TARGET 8: CARES Act disproportionately funds Missouri's smaller airports

4 weeks 2 days 51 minutes ago Monday, April 27 2020 Apr 27, 2020 Monday, April 27, 2020 5:55:00 PM CDT April 27, 2020 in News
By: Ethan Stein, KOMU 8 Reporter
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COLUMBIA - The Cape Girardeau Regional Airport received a grant worth almost $17.5 million from the CARES Act. That amount is more than 10 times their operating budget for this year. 

The small airport, who served only 9,160 passengers in 2018, according to the Federal Aviation Administration, is receiving around $1,900 per passenger. The Columbia Regional Airport is receiving around $150 per passenger. It received around $1 million dollars more than the Cape Girardeau Regional Airport, but receives more than 10,000 passengers a month. 

The funding disparities are more considerable at some of the state's larger airports.  Kansas City International Airport received about $7 per passenger. St. Louis Lambert International Airport received about $8 per passenger.

Cape Girardeau isn't the only airport who received more funds per passenger than larger airports. Mason City Municipal Airport in Iowa received almost $17.5 million, but only served around 8,000 passengers in 2018. Devil's Lake Regional Airport in North Dakota received almost $17 million, while serving under 7,000 passengers in 2018. 

Airport struggles during the COVID-19 pandemic

Airports across the country are seeing less passengers during the COVID-19 pandemic. The Columbia Regional Airport saw around a 42% decrease in passengers during March 2020 compared to last year.

The previous two months saw passenger increases around 20% at the Columbia Regional Airport. These grants are designed to help airports, like Columbia Regional, who are seeing less business due to COVID-19. 

Steve Sapp, spokesperson for the city of Columbia, said the city received enough money to cover the airport's operational costs for up to 4 years.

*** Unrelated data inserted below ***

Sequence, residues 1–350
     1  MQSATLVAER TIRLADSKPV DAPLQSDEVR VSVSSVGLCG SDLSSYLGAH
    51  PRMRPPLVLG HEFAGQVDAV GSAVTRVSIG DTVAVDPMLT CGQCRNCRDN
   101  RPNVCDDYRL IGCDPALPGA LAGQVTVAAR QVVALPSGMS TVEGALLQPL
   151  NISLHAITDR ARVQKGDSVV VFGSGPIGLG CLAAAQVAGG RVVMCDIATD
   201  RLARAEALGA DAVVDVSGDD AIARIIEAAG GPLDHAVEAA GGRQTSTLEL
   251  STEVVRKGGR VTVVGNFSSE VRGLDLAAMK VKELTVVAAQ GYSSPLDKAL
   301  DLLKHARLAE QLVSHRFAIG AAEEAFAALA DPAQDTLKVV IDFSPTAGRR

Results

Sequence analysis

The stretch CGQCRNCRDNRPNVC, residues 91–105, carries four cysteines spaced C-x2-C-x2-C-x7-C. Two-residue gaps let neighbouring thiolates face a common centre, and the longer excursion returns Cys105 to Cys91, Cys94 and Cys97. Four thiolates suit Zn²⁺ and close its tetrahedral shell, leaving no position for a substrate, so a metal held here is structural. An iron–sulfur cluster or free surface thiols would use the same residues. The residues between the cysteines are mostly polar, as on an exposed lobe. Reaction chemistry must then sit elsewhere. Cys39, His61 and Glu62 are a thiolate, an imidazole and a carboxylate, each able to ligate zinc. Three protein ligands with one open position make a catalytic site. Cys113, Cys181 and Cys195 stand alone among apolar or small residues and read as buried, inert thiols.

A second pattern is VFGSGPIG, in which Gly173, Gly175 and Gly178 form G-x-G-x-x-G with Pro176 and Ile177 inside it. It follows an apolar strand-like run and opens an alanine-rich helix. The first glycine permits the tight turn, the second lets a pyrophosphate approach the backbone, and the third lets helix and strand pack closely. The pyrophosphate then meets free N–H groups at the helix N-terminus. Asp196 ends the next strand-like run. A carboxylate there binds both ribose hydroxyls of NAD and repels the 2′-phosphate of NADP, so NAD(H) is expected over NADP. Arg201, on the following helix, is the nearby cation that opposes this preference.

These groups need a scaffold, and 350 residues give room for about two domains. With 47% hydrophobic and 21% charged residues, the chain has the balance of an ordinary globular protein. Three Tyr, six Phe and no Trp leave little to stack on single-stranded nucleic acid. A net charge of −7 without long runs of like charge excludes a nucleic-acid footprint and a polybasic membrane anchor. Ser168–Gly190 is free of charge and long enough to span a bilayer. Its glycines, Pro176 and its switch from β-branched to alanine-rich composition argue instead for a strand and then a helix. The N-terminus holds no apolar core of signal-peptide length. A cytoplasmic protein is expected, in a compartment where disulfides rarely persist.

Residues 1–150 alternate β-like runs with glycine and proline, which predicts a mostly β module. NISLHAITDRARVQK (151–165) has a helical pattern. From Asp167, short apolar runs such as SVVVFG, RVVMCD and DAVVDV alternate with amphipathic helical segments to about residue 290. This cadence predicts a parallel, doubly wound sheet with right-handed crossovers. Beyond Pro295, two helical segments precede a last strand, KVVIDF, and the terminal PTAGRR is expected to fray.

He said the city is pleased with the funds going to Columbia Regional Airport.

"We know in these times money is something that everyone is having to look at," Sapp said. "So we're appreciative what the CARES act has done not just for our airport but airports across the country."

He said the remaining funds can be used for development costs, possibly even the new terminal at Columbia Regional Airport.

"We understand that many things are possible, so that's one thing we want to learn more about and talk more about, because if we can use those funds, of course, for the terminal building then that can shift the burden of other revenue sources we have," Sapp said. "At this point, we're still in that discovery phase and we'll learn more in the next few weeks with where those funds can be applied to."

He said the city expects to receive more guidelines for the stimulus in the upcoming weeks.  

New Columbia Regional Airport Terminal

In the meantime, the city is moving ahead with their plans to build a new terminal at the Columbia Regional Airport, which has revealed three proposed designs for the new airport terminal.

The first debt payment for the airport, according to a council memo, will be approximately $470,000, plus interest, with the first payment due in 2021.

The Columbia City Council authorized the city to sell bonds to help fund the project last Monday. Regions Capital Advantage, INC has agreed to buy the bonds at an interest rate of 1.9%.

The city will pay for the project from a 1% tax increase on lodging, taxes at motels and hotels and revenue from passenger facility charges passed by voters in August 2016. 

How CARES Act money was directed

Across the county, Commercial Service Airports received at least $7.4 billion of the $10 billion in stimulus funds from the CARES Act directed to airports. Those funds were divided based on a funding formula from the Federal Aviation Administration. The formula took into consideration each the number of passengers during 2018, debt service and cash reserves for each airport. 

Mark Sixel, a consultant for small airports across the country, said he doesn't know the reason for the money being disproportionately spread, but believes it was a problem with their Federal Aviation Administration's funding formula. 

"The only thing I can come up with is they were in a big hurry,' he said. "They've got 3,200 airports they're trying to get this grant money out to, the Congress has told them 'please get this money out as quickly as possible', people are waiting on paychecks. We got to get this money out into the economy to get these things moving, so rush as fast as you can'."

TARGET 8 investigators reached out to the FAA, but the department did not respond. 

Missouri airports received a total of $152.5 million in funding from the CARES Act, which put it into the top 20 states to receive funding.

California's airports received $1.1 billion - the most money from the federal government. Delaware's airports, which are getting the lowest amount of funds, saw only $257,000.

Here is a full map showing all Missouri airports who received funds from the CARES Act.

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